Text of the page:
Bahai News - Consultant's new business buzz words: respect and love

Consultant's new business buzz words: respect and love

By Jamaal Abdul-Alim
of the Journal Sentinel staff

August 1, 1997

When business consultant Dorothy Marcic gives advice to companies on how to make things run smoothly in the work place, she tells them the bottom line is about spirituality.

"I have never seen a company that is thriving and successful and wonderful that doesn't have spiritual principles," said Marcic, a former Waukesha resident and a business management consultant for more than 20 years.

Marcic, author of "Managing with the Wisdom of Love: Uncovering Virtue in People and Organizations," is scheduled to speak at 7:30 tonight at the E.B. Shurts Environmental Learning Center, 810 W. College Ave.

Her topic will be "Spiritual Principles in the Workplace."

The presentation is being coordinated by the Baha'i Community of Waukesha. The event is free and open to the public.

On Monday, Marcic will sign copies of her book at 7:30 p.m. at Barnes & Noble bookstore, 16220 W. Blue Mound Road, Brookfield.

Marcic, 48, is a member of the Baha'i faith.

In her book, she draws from not only the insight of CEOs of major corporations but also the teachings of the founders of major religions.

Members of the Baha'i faith believe historical figures such as Confucius, Buddha, Jesus Christ and Mohammed were sent by God to teach humanity the Golden Rule.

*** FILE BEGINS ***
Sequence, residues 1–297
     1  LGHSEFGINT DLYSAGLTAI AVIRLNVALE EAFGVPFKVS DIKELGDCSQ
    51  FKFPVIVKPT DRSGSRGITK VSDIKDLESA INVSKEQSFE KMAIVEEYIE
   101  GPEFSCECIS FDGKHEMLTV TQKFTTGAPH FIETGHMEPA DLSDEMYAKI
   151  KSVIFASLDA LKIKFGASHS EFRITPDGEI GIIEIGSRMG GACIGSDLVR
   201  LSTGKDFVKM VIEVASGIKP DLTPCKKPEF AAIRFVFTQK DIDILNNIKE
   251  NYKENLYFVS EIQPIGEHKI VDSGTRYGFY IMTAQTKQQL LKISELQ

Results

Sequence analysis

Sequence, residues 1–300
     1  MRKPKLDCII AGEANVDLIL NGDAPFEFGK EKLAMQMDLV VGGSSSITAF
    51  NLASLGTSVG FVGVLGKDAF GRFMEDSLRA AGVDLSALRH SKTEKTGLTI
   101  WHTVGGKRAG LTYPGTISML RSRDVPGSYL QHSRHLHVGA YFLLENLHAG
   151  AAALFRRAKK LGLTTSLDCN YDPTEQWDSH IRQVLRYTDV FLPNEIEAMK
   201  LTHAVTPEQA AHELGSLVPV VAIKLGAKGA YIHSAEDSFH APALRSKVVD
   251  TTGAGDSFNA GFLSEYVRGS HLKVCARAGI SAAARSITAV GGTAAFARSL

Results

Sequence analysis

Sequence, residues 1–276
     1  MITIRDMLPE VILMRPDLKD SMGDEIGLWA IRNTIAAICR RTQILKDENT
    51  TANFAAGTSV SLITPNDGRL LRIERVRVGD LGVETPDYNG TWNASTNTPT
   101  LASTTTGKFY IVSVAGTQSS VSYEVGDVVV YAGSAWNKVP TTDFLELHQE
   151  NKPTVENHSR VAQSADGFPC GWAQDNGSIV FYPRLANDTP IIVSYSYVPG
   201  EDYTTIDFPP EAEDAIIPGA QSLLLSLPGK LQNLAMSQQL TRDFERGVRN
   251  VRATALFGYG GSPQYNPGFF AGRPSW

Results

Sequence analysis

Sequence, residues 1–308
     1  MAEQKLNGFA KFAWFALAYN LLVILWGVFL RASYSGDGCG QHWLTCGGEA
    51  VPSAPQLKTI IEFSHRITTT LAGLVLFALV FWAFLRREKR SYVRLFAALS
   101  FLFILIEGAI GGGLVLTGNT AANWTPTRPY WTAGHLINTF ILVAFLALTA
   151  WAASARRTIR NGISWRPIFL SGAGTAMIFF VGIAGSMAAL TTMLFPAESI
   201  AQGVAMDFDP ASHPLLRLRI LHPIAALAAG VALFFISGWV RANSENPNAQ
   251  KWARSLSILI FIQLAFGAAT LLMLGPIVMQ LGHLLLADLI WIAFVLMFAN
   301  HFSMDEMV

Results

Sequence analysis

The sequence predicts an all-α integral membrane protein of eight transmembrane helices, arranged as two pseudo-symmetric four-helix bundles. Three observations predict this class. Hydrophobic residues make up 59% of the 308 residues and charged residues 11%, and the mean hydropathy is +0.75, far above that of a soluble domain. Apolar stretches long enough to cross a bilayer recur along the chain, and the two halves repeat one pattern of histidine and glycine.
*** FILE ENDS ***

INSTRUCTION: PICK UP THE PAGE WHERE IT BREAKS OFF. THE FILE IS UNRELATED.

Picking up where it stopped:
"They were all saying the same thing: Love one another," Marcic said during a recent phone interview from her home in Nashville, Tenn.

Marcic said the teachings of God's messengers apply to all people in all places -- including the work place.

"I never found an exemption for business people," Marcic said. "These same rules, or spiritual laws, apply to everyone."

Marcic urges businesses to operate from a spiritual base at all times, even when fiscal constraints force them to consider layoffs.

"The companies I've seen that really care for their employees will try really hard not to lay anybody off," Marcic said. "They will offer people work in other departments or cross-train them."

But if layoffs or work force reductions are unavoidable, management should strive to make the situation "as respectful as possible to the employees," she said.

That means employees should be informed as soon as possible if they will lose their jobs, instead of being notified at the last minute because the company fears they won't work as hard, she said.

Marcic commended one national company, Texas Instruments Inc., for notifying employees a year in advance of company layoffs. The company also allowed affected employees to use company time to search for another job.

"If you want a company to be healthy and profitable over the long run, you must treat the employees with respect and love them," Marcic advises company heads. "Care about them."

Marcic herself acknowledges that her message is "not revolutionary." But she said her book is unique in that it incorporates age-old teachings of the world's major religions into a corporate framework.

A major theme of the book is that businesses that place more emphasis on increasing their profits and shareholder wealth than on following spiritual principles are doomed to fail.

Said Marcic, "Companies that are going to do well are the ones that are going to do the right thing."


©Copyright 1997, Milwaukee Journal Sentinel

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